The mindset of an entrepreneur & 9 investment criteria

A very interesting video from Fabrice Grinda, a very successful US-based French serial entrepreneur and angel investor.

Fabrice is currently CEO of OLX, a free online classifieds site used in over 91 countries in 39 languages. The company was founded in March 2006.

In this video, he talks about the mindset of starting your own business and when to use strategic thinking. He also discusses the nine business selection criteria he uses to decide whether or not to invest in a company.

If you find what Fabrice says interesting, you can also follow his blog: Musings of an entrepreneur, where he talks about business but also many of his other interests.


The story of Dropbox

Drew Houston, Founder of Dropbox

Drew Houston, Founder of Dropbox. Click on the cover to access Forbes' article

I’m not sure if anyone of you is using Dropbox, but if you don’t, give it a shot. I do use it, well, daily, but without even thinking about it!

It’s a great system to automatically back up and synchronise any file online, from – and to – several devices. And it’s free for up to 8Gb of storage (96% of their users!). I love it!

Forbes actually just released a brilliant article about the company: Dropbox: The Inside Story of Tech’s Hottest Startup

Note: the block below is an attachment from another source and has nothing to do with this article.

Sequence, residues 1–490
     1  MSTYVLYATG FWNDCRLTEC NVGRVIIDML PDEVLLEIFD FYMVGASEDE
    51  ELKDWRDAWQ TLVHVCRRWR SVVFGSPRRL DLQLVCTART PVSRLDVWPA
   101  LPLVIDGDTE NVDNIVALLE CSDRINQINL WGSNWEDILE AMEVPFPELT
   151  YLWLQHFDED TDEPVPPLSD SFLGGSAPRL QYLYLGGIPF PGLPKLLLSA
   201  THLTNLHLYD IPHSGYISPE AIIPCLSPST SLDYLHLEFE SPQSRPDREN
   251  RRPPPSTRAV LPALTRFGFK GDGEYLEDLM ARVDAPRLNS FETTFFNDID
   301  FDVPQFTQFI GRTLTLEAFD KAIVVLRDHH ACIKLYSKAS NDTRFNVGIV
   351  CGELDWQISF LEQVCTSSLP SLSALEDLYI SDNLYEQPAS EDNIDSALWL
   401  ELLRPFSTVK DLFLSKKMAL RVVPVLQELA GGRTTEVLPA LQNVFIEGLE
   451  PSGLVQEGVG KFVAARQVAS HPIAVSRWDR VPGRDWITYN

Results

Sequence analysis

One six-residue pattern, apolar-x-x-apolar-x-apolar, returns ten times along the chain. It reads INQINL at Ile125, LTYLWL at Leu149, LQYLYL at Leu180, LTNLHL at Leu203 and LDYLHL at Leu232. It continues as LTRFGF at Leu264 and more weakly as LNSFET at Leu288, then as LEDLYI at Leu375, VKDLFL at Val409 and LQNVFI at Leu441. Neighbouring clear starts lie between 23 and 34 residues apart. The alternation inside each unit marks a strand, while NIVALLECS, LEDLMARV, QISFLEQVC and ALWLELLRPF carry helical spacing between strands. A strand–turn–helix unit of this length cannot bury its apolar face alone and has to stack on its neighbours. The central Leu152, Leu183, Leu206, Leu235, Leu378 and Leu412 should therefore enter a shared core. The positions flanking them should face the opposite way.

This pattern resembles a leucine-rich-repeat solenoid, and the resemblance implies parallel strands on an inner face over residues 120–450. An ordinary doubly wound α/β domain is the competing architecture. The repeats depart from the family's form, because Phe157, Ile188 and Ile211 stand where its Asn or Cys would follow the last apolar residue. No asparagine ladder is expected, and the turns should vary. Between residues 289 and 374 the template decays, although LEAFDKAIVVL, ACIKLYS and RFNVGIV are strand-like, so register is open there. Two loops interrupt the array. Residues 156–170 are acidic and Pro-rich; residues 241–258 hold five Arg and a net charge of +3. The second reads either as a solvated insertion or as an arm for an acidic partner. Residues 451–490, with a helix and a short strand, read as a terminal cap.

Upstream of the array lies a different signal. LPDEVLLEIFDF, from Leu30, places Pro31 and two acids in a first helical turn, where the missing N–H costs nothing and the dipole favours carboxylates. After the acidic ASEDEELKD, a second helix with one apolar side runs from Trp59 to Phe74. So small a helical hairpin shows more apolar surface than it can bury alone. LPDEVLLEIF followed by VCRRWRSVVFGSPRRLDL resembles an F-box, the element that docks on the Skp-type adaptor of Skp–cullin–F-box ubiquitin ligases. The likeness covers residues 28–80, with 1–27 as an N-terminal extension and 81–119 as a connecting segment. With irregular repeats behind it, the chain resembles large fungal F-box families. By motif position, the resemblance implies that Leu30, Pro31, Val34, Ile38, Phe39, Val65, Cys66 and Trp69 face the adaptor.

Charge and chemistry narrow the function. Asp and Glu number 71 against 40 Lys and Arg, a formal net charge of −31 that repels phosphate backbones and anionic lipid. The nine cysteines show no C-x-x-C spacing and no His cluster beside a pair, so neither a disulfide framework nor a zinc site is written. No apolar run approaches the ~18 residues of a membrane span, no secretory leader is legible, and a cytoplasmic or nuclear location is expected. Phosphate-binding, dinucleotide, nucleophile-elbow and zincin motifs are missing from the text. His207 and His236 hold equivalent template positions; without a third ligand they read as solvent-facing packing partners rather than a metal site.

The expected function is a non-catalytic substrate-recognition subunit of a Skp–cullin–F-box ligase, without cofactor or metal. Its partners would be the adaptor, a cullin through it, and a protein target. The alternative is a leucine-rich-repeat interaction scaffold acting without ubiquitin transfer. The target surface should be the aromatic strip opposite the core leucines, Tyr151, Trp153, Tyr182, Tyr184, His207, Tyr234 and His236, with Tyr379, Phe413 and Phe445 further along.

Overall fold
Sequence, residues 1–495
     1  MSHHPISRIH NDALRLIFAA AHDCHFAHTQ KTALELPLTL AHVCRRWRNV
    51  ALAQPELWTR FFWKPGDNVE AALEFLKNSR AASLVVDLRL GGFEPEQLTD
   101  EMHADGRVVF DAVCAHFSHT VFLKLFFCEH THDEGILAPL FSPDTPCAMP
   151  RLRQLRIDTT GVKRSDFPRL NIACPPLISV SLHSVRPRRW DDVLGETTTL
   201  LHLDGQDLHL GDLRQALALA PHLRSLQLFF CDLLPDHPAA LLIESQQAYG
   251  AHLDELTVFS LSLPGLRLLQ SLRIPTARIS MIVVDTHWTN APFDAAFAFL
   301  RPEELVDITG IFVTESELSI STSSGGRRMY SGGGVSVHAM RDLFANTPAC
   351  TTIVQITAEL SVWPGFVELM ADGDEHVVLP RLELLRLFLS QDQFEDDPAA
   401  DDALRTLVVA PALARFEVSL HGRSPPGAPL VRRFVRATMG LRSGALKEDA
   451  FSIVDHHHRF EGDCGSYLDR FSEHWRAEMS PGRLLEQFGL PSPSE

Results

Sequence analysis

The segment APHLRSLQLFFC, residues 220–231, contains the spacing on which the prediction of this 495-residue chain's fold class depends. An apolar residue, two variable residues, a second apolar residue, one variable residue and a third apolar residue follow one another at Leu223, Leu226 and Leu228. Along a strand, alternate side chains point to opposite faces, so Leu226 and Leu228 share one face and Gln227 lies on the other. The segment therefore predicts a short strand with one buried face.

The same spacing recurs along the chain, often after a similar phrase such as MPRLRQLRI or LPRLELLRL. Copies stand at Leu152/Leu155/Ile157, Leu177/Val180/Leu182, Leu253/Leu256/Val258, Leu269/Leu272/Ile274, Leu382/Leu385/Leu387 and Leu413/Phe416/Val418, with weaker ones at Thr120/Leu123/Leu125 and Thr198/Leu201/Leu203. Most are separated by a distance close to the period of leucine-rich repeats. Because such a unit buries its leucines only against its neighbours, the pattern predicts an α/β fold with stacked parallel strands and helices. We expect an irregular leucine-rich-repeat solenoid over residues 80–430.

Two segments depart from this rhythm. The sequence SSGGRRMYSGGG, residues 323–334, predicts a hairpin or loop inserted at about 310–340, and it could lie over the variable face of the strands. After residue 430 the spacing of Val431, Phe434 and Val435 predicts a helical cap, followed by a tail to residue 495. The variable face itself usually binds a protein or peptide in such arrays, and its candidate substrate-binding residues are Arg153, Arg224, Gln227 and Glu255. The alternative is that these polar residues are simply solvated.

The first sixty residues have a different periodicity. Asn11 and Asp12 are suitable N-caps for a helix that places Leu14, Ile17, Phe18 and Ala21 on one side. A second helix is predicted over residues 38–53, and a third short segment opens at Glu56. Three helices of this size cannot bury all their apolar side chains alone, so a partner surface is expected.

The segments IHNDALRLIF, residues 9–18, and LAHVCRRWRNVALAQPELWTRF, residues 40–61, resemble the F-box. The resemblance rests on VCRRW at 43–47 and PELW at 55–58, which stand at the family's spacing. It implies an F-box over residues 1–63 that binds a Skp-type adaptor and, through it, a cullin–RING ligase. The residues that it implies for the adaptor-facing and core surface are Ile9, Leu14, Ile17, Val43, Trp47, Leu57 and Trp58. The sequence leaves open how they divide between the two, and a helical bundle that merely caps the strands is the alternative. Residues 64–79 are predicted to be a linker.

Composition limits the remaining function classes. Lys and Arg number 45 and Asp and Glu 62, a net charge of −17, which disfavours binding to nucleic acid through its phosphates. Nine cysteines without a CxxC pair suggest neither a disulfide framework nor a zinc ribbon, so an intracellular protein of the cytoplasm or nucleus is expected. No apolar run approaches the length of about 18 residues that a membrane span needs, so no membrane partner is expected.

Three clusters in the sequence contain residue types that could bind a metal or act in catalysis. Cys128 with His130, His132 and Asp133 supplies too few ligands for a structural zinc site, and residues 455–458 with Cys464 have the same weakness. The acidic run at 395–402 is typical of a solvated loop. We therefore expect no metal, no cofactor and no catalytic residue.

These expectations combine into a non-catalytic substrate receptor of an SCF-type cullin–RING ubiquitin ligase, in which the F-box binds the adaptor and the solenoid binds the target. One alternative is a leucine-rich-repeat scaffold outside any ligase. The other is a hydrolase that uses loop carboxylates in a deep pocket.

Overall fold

Well worth a read, it’s a brilliant company founded by a very driven and talented entrepreneur; who is also determined to grow his own company as he refused a multi-million dollar buyout offer from Apple!

What I love about Dropbox is that it seems like such an obvious and simple idea, yet it’s a powerful tool, that works wonderfully and seamlessly. Too many tech companies nowadays try to have too many features and their product then becomes cluttered, clunky and not user friendly. With, it’s the opposite, it does something simple (in appearance, I’m not talking about the technology behind!), but does it perfectly, in a very streamlined way!

I think that is something so key in business: you don’t need to do something complex, you can do something simple and you will succeed if you make sure that you are the best at doing it; and that you solve an actual problem.

The article also asks a great question though: can Dropbox survive the arrival of iCloud and the probable arrival of a competing product from Google? Will they shine or be the next MySpace? Any thoughts?